New Yorkers Ouisa and Flan Kittredge are upper class private art dealers, pretentious but compassionate. Their prized possession is a double sided Kandinsky, one side that represents control, the other side chaos. They relay a story to their friends and acquaintances that over time becomes legendary. It is their encounter with a young black man who they had never met or heard of but who comes stumbling upon their front door one evening as they are courting an important investor, Geoffrey Miller, who could make them wealthy beyond what they could have dreamed. That black man is Paul Poitier, who has just arrived in the city, was just mugged outside their building and is sporting a minor knife wound to the abdomen. He is a friend of the Kittredge's children, who are attending Harvard, but more importantly is the son of actor/director Sidney Poitier. Tomorrow, Paul is meeting up with his father who is in town directing a movie of "Cats". Beyond the attraction of talking Paul into getting... Written by
When talking about striking coal miners, Louisa puts down her wine glass twice. See more »
Is anything gone?
How can I look, I'm shaking!
I want to know if anything's gone!
We could have been killed! Oh, my God! The Kandinsky!
It's gone, oh my God! Call the police!
Oh, no, there it is. Oh! The silver Victorian inkwell!
[...] See more »
In New York, the art dealers John Flanders ('Flan') Kittredge (Donald Sutherland) and Louisa ('Ouisa') Kittredge (Stockard Channing) are ready to have a business dinner with their South African friend and client Geoffrey Miller (Ian McKellen), when a wounded young black man comes to their fancy apartment telling that he had been just robbed in Central Park and asking for help. He introduces himself as Paul (Will Smith), a friend of their son and daughter in Harvard and son of Sidney Poitier, and the couple invites him to stay with them. During they night, they find that Paul is not who he claims to be. When they investigate the life of Paul, they find the hidden truth.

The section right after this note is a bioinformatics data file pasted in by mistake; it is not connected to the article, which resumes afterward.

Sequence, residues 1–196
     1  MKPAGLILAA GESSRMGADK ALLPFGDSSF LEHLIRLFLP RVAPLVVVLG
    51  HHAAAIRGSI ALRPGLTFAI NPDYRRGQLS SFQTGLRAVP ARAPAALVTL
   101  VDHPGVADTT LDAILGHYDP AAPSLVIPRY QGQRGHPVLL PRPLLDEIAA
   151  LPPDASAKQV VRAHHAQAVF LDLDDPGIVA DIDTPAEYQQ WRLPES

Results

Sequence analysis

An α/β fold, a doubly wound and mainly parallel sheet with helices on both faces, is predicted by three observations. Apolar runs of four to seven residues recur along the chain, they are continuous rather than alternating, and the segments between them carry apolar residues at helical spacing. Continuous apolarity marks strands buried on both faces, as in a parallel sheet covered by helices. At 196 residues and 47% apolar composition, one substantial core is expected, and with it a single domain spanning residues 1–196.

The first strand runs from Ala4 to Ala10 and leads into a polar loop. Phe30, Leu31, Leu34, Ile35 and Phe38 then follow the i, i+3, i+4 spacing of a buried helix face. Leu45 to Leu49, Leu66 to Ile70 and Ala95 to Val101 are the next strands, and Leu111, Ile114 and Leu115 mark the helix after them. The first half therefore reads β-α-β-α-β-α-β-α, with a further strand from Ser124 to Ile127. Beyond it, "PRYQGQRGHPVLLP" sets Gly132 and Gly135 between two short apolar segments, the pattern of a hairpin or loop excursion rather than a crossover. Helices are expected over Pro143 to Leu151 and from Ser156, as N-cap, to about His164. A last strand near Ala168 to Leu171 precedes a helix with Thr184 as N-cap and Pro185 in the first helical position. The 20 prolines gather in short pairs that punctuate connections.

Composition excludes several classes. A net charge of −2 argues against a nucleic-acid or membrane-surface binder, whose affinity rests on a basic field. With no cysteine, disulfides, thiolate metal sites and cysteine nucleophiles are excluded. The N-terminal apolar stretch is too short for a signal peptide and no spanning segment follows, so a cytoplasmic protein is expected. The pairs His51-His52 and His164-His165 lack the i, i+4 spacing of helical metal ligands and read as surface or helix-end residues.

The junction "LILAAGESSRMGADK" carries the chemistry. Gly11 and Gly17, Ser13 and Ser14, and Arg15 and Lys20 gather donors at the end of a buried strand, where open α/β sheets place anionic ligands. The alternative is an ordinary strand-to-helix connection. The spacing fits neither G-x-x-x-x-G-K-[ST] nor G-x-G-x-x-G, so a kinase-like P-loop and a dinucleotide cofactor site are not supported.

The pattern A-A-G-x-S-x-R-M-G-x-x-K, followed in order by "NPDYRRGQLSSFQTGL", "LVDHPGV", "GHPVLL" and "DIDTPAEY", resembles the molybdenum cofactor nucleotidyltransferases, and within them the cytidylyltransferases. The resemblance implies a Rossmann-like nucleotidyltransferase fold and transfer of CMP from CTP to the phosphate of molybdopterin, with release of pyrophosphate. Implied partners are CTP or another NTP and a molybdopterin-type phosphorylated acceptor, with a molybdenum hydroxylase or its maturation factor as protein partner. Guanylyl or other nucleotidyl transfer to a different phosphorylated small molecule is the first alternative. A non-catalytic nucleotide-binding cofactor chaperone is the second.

The first time I saw "Six Degrees of Separation" in 1993 or 1994, I was very impressed with this movie. I liked the concept of the six degrees of separation between human beings, but mostly the acting of Will Smith, Stockard Channing and Donald Sutherland. The very difficult and long lines were brilliantly presented by this trio of excellent actors and actress, almost as if they were on the stage. Further, the name of Stockard Channing in a film for me is a synonymous of high quality. Today I have just seen this movie again, and I maybe I am more critical with the years, but I found the screenplay quite confused. For example, the relationships of parents and sons and daughters are extremely aggressive from the side of the Harvard students, and I have not understood the point in the story. The affection of Louisa ('Ouisa') Kittredge for Paul Poitier- Kittredge could be a projection of what she would like to receive from her apparently ungrateful son and daughter, but her daughter actually talks to her. Anyway, this movie is intriguing and original and deserves to be watched. My vote is seven.
Title (Brazil): "Seis Graus de Separação" ("Six Degrees of Separation")
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